Sterk verbeterde en echt intuïtieve visualisaties, geschraagd door goede meta-modellen, dus data governance, drijft deze ontwikkeling. Democratisering en onafhankelijkheid van derden (anders dan zelfgekozen afgenomen uit de cloud) wordt daarmee steeds meer werkelijkheid.

    Big data & data science gaan helemaal doorbreken in de non-profit
    De subtiele doelstellingen van de non-profit, zoals verbetering van kwaliteit, (patiënt/cliënt/burger) veiligheid, punctualiteit en toegankelijkheid, vragen om big data toepassingen. Immers, voor die subtiliteit heb je meer goede informatie en dus data, sneller, met meer detail en schakering nodig, dan wat er nu veelal nog uit de traditionelere bi-omgevingen komt. Als de non-profit de broodnodige focus van de profit sector, op ‘winst’ en ‘omzetverbetering’, weet te vertalen naar haar eigen situatie, dan staan succesvolle big data initiatieven om de hoek! Mind you, deze voorspelling geldt uiteraard ook onverkort voor de zorg.

    Hans Geurtsen, business intelligence architect data solutions bij Info Support
    Van big data naar polyglot persistence
    In 2016 hebben we het niet meer over big, maar gewoon over data. Data van allerlei soorten en in allerlei volumes die om verschillende soorten opslag vragen: polyglot persistence. Programmeurs kennen de term polyglot al lang. Een applicatie anno 2015 wordt vaak al in meerdere talen geschreven. Maar ook aan de opslag kant van een applicatie is het niet meer alleen relationeel wat de klok zal slaan. We zullen steeds meer andere soorten databases toepassen in onze data oplossingen, zoals graph databases, document databases, etc. Naast specialisten die alles van één soort database afweten, heb je dan ook generalisten nodig die precies weten welke database zich waarvoor leent.

    De doorbraak van het moderne datawarehouse
    ‘Een polyglot is iemand met een hoge graad van taalbeheersing in verschillende talen’, aldus Wikipedia. Het gaat dan om spreektalen, maar ook in het it-vakgebied, kom je de term steeds vaker tegen. Een applicatie die in meerdere programmeertalen wordt gecodeerd en data in meerdere soorten databases opslaat. Maar ook aan de business intelligence-kant volstaat één taal, één omgeving niet meer. De dagen van het traditionele datawarehouse met een etl-straatje, een centraal datawarehouse en één of twee bi-tools zijn geteld. We zullen nieuwe soorten data-platformen gaan zien waarin allerlei gegevens uit allerlei bronnen toegankelijk worden voor informatiewerkers en data scientists die allerlei tools gebruiken.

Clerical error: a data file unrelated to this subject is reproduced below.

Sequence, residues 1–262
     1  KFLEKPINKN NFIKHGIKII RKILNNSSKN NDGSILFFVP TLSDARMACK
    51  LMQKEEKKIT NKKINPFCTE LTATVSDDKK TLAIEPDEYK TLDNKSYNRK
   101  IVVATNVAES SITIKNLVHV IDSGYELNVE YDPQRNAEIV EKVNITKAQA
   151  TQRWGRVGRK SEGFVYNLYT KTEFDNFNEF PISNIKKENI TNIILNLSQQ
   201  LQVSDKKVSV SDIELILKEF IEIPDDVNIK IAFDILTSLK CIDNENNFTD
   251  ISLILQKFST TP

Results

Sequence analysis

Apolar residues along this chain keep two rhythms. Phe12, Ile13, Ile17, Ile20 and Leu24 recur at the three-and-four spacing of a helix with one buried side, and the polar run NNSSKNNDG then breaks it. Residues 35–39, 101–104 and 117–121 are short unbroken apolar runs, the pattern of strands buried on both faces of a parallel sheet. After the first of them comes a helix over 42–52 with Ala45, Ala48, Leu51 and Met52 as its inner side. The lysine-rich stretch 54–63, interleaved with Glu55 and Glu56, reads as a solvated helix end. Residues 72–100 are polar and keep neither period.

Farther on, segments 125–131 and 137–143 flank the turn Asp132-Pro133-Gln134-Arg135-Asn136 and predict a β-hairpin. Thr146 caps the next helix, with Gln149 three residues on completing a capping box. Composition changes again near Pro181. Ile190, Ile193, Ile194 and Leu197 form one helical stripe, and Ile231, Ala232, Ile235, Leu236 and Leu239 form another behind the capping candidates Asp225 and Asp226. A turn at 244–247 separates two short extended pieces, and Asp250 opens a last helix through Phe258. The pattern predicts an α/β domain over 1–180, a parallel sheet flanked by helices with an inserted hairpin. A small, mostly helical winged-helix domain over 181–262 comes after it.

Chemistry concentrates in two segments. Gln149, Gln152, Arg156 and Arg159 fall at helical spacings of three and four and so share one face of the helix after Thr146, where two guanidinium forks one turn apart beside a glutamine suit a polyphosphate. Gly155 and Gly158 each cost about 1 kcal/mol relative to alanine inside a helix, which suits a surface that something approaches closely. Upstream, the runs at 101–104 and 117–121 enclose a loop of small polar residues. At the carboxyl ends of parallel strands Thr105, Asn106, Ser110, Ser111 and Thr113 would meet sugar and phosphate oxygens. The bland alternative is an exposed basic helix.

Business intelligence in de cloud
    Waar vooral Nederlandse bedrijven nog steeds terughoudend zijn waar het de cloud betreft, zie je langzaam maar zeker dat de beweging richting cloud ingezet wordt. Steeds meer bedrijven realiseren zich dat met name security in de cloud vaak beter geregeld is dan dat ze zelf kunnen regelen. Ook cloud leveranciers doen steeds meer om Europese bedrijven naar hun cloud te krijgen. De nieuwe data centra van Microsoft in Duitsland waarbij niet Microsoft maar Deutsche Telekom de controle en toegang tot klantgegevens regelt, is daar een voorbeeld van. 2016 kan wel eens hét jaar worden waarin de cloud écht doorbreekt en waarin we ook in Nederland steeds meer complete BI oplossingen in de cloud zullen gaan zien.

    Huub Hillege, principal data(base) management consultant bij Info-Shunt
    Big data
    De big data-hype zal zich nog zeker voortzetten in 2016 alleen het succes bij de bedrijven is op voorhand niet gegarandeerd. Bedrijven en pas afgestudeerden blijven elkaar gek maken over de toepassing. Het is onbegrijpelijk dat iedereen maar Facebook, Twitter en dergelijke data wil gaan ontsluiten terwijl de data in deze systemen hoogst onbetrouwbaar is. Op elke conferentie vraag ik waar de business case, inclusief baten en lasten is, die alle investeringen rondom big data rechtvaardigen. Zelfs bi-managers van bedrijven moedigen aan om gewoon te beginnen. Dus eigenlijk: achterom kijken naar de data die je hebt of kunt krijgen en onderzoeken of je iets vindt waar je iets aan zou kunnen hebben. Voor mij is dit de grootste valkuil, zoals het ook was met de start van Datawarehouses in 1992. Bedrijven hebben in de huidige omstandigheden beperkt geld. Zuinigheid is geboden.

    De analyse van big data moet op de toekomst zijn gericht vanuit een duidelijke business-strategie en een kosten/baten-analyse: welke data heb ik nodig om de toekomst te ondersteunen? Bepaal daarbij:

    • Waar wil ik naar toe?
    • Welke klantensegmenten wil ik erbij krijgen?
    • Gaan we met de huidige klanten meer 'Cross selling' (meer producten) uitvoeren?
    • Gaan we stappen ondernemen om onze klanten te behouden (Churn)?

    Als deze vragen met prioriteiten zijn vastgelegd moet er een analyse worden gedaan:

    • Welke data/sources hebben we hierbij nodig?